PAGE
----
California officials announced that face masks will no longer be required indoors starting Tuesday, as the state shifts to an “endemic” approach to the coronavirus.
Masks will be “strongly recommended” for unvaccinated people in most indoor settings like shops, gyms, bars and movie theaters, but they will no longer be mandated by the state after Tuesday, officials said.
And next week, after March 11, masks will also not be required at California’s schools and child care centers — though officials continue to strongly recommend masking in classrooms.
Masks will still be mandated for everyone in high transmission areas, including on public transit, emergency shelters, health care settings, correctional facilities, homeless shelters and long-term care facilities.
While the state is loosening its masking requirements, local jurisdictions can still continue to require masks indoors.
Currently in Los Angeles County, businesses can only shed the indoor masking requirement for vaccinated people.
“California continues to adjust our policies based on the latest data and science, applying what we’ve learned over the past two years to guide our response to the pandemic,” Gov. Gavin Newsom said in a statement. “Masks are an effective tool to minimize spread of the virus and future variants, especially when transmission rates are high. We cannot predict the future of the virus, but we are better prepared for it and will continue to take measures rooted in science to keep California moving forward.”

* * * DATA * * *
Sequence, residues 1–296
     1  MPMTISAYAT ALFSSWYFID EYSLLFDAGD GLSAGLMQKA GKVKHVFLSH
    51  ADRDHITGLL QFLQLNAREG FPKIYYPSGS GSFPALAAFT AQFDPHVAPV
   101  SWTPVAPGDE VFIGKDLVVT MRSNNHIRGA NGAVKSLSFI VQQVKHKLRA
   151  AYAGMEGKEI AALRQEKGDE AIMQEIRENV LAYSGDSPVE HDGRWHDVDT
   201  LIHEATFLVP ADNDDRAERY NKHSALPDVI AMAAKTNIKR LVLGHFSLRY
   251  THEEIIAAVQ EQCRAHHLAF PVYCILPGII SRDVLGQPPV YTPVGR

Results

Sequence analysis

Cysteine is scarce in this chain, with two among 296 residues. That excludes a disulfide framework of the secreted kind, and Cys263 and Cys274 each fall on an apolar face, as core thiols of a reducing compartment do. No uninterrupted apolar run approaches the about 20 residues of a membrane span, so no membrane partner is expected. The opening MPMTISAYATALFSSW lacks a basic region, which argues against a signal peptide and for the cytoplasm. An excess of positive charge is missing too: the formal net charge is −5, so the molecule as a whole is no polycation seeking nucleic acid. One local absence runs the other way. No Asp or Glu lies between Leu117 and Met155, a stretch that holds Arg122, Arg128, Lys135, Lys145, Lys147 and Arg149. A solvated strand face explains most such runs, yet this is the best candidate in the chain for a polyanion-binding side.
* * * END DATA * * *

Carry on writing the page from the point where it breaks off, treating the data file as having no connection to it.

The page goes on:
The move comes after California ended the indoor masking requirement for vaccinated people on Feb. 16, mandating face coverings only for unvaccinated people in indoor public settings.
That marked the end of a two-month period of more stringent masking rules brought on by an omicron-fueled coronavirus surge that sent infection numbers skyrocketing statewide.
Now, with case numbers quickly declining, the state is relaxing its masking rules even further to include those who haven’t been vaccinated.
California is easing up on the face mask requirements as it moves to an “endemic” approach that emphasizes prevention and quick reaction to outbreaks over mask mandates and closures.
Newsom announced the shift two weeks ago, saying the state is moving past the crisis stage and into a phase where Californians will have to live with the virus.
California became the first state to formally offer such a detailed plan for a future when COVID-19 becomes manageable as the population’s immunity builds.
This new stage depends on the state identifying surges or variants faster, fighting misinformation, adding more health care workers and stockpiling tests.
The Newsom administration dubbed the plan SMARTER to highlight its key elements: Shots, Masks, Awareness, Readiness, Testing, Education and Rx.
Two other western states, Oregon and Washington, will also join California in updating their masking guidance Tuesday.